•25 May 2001: Thousands of Spaniards participate in a silent march through San Sebastian, a northern city, to protest the killing of journalist Santiago Oleaga Elejabarrieta. Banners are held that read "No to ETA – Peace and Freedom." Spanish reporters give a statement saying, "However much they kill and try to impose their cause through terror we, as media professionals, will defend the expression which took so long to achieve in this country."
•11 July 2001 Hundreds of people gather in Madrid to commemorate the life of slain policeman Luis Ortiz de la Rosa, who was killed the preceding day. The rally protests ETA's actions.
•15 July 2001: CNN reports that hundreds of Spaniards have gathered in city and town halls around Spain to silently protest two killings blamed on the "Basque terrorist group ETA". The cities include Pamplona, Vitoria, and Zaragoza.
•24 August 2001: The Spanish police arrest six suspected ETA members in the Barcelona suburb of Terrasa, seizing over 550 pounds of what CNN reports as "explosives, firearms, forged license plates and electronic detonator components."
•26 February 2002: U.S. Treasury Secretary Paul O'Neill announces that the U.S. has frozen assets of twenty one people associated with ETA.
•22 December 2002: Ibon Fernandez Iradi, who is suspected of teaching ETA members how to make bombs, escapes from custody in a police station in Bayonne, France.
•8 October 2003: thirty four suspected ETA members are arrested in the early morning. Twenty-nine are apprehended in northern Spain and five in France.
•9 December 2003: Police in southwestern France arrest Gorka Palacios, twenty nine, the alleged military commander of ETA. Three people who the police said were collaborators were also arrested in the 6:00 AM raid on a house in the village of Lons, near the town of Pau. At a news conference in Marrakesh, Morocco, Spanish interior minister Ángel Acebes characterized the arrests as of "great significance" and of "first magnitude."
•February 18, 2004: ETA publicly stated that a ceasefire only in Catalonia had been in effect since January 1, based on "a desire to unite the ties between the Basque and Catalan peoples." Some claimed that this ceasefire was based on a secret pact with Josep-Lluís Carod-Rovira, leader of Esquerra Republicana de Catalunya (ERC, "Republican Left of Catalonia"). Carod-Rovira, despite admitting to having met with ETA in France in December denied having reached any accord, saying that the meeting was an attempt to drive ETA away from violence, and ended with no results. This, during an electoral campaign, became a scandal, and endangered the recent tripartite Catalan government, formed by ERC (ERC), Iniciativa per Catalunya Verds-Esquerra Unida i Alternativa (ICV-EUiA) and the Partit dels Socialistes de Catalunya (PSC). The opposition then accused Aznar of being behind the leak to the media of the intelligence report detailing the meeting and Aznar refused to clarify whether he knew about this meeting before the leaking. Aznar was also questioned as to why the ETA members who attended that meeting were not detained.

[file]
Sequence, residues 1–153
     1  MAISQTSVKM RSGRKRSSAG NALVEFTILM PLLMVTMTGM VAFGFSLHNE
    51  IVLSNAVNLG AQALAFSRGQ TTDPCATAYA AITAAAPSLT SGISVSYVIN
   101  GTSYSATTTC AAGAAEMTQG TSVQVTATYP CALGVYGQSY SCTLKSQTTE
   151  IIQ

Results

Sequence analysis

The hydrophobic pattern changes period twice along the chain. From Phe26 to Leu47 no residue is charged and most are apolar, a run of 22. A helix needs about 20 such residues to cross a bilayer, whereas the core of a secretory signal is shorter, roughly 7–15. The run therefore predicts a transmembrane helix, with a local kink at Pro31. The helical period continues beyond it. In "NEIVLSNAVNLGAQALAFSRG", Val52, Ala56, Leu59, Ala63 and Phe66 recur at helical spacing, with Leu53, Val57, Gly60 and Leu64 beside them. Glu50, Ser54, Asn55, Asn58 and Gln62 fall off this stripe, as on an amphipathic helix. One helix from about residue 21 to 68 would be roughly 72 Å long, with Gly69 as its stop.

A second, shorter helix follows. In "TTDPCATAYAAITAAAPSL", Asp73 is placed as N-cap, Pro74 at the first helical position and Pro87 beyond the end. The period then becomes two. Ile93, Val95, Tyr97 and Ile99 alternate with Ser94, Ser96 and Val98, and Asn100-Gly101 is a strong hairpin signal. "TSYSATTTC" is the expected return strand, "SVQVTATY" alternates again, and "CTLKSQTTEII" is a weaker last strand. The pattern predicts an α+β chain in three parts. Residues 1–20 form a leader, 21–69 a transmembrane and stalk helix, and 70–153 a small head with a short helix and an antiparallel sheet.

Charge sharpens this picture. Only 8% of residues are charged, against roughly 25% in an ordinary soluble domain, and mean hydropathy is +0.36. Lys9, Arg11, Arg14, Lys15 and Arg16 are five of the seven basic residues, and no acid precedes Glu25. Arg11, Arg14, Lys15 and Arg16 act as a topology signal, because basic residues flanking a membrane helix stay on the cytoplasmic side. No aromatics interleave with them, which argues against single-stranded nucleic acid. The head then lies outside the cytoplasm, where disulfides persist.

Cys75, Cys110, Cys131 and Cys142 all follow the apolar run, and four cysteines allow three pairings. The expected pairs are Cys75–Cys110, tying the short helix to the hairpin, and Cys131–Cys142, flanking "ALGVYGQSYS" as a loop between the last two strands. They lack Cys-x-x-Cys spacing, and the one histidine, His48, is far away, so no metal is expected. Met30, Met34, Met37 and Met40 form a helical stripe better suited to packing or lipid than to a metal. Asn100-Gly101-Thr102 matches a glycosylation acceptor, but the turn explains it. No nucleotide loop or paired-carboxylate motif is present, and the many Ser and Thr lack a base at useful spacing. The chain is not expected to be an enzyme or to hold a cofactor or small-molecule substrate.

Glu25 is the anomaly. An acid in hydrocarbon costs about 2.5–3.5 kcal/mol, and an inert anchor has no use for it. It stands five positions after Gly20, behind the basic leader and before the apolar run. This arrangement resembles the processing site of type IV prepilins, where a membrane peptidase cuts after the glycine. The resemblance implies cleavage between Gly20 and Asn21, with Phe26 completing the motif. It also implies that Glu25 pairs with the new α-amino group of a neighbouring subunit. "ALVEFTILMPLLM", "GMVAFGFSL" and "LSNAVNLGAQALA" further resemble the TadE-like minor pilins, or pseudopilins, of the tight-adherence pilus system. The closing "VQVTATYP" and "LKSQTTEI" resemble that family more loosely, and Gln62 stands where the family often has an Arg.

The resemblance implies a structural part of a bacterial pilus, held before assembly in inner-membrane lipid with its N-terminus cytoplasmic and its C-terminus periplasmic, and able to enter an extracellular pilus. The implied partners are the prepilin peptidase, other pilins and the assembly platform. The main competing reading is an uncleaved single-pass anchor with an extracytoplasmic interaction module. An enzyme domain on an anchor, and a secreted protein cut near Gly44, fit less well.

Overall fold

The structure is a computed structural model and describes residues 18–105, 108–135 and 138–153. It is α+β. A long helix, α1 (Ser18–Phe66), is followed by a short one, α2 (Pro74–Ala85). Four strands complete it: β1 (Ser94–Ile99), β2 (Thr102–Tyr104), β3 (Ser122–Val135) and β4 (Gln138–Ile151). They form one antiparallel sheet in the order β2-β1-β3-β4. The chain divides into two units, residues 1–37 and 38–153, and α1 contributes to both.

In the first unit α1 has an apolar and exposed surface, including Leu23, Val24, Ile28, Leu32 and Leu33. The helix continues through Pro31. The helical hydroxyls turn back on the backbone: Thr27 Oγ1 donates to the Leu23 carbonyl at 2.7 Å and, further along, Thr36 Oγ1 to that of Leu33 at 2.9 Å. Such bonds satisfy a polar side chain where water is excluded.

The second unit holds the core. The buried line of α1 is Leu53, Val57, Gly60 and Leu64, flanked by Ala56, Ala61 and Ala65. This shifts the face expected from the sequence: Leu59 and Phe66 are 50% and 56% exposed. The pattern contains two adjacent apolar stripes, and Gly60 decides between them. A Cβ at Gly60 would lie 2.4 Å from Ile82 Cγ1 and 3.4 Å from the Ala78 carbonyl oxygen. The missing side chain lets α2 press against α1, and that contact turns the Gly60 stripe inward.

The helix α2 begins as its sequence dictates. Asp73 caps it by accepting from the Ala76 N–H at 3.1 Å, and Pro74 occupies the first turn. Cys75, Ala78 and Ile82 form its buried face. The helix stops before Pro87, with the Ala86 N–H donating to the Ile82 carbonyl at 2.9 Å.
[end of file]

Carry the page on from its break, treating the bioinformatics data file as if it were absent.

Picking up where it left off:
•Also in 2004, ETA was initially suspected of being the authors of a series of ten bombings only a few days before the national elections, which targeted three locations along Madrid's suburban train lines on the morning of March 11, 2004, killing 192 civilians (see 11 March 2004 Madrid attacks). This theory was officially endorsed by José María Aznar's government, despite the police quickly gathering evidence pointing towards Islamic terrorism. Many Spanish citizens took this rush to judgment as an offence towards the victims of the attacks and towards the Spanish people; this was generally seen as a decisive factor in the electoral result which overturned Aznar's government (see Spanish legislative election, 2004). The authorship of this attack, the largest European terrorist incident in terms of lives lost since the 1988 Pan Am flight 103 flight bombing, has been finally ascribed to Islamist militants by the Spanish police.
•20 February 2004: Nine men and a woman are arrested, making the number of ETA suspects detained this week thirty three. They worked on a Basque-language newspaper, Euskaldunon Egunkaria, published statements from ETA. They've been released and their torture claims dismissed without being investigated or even calling them to testify .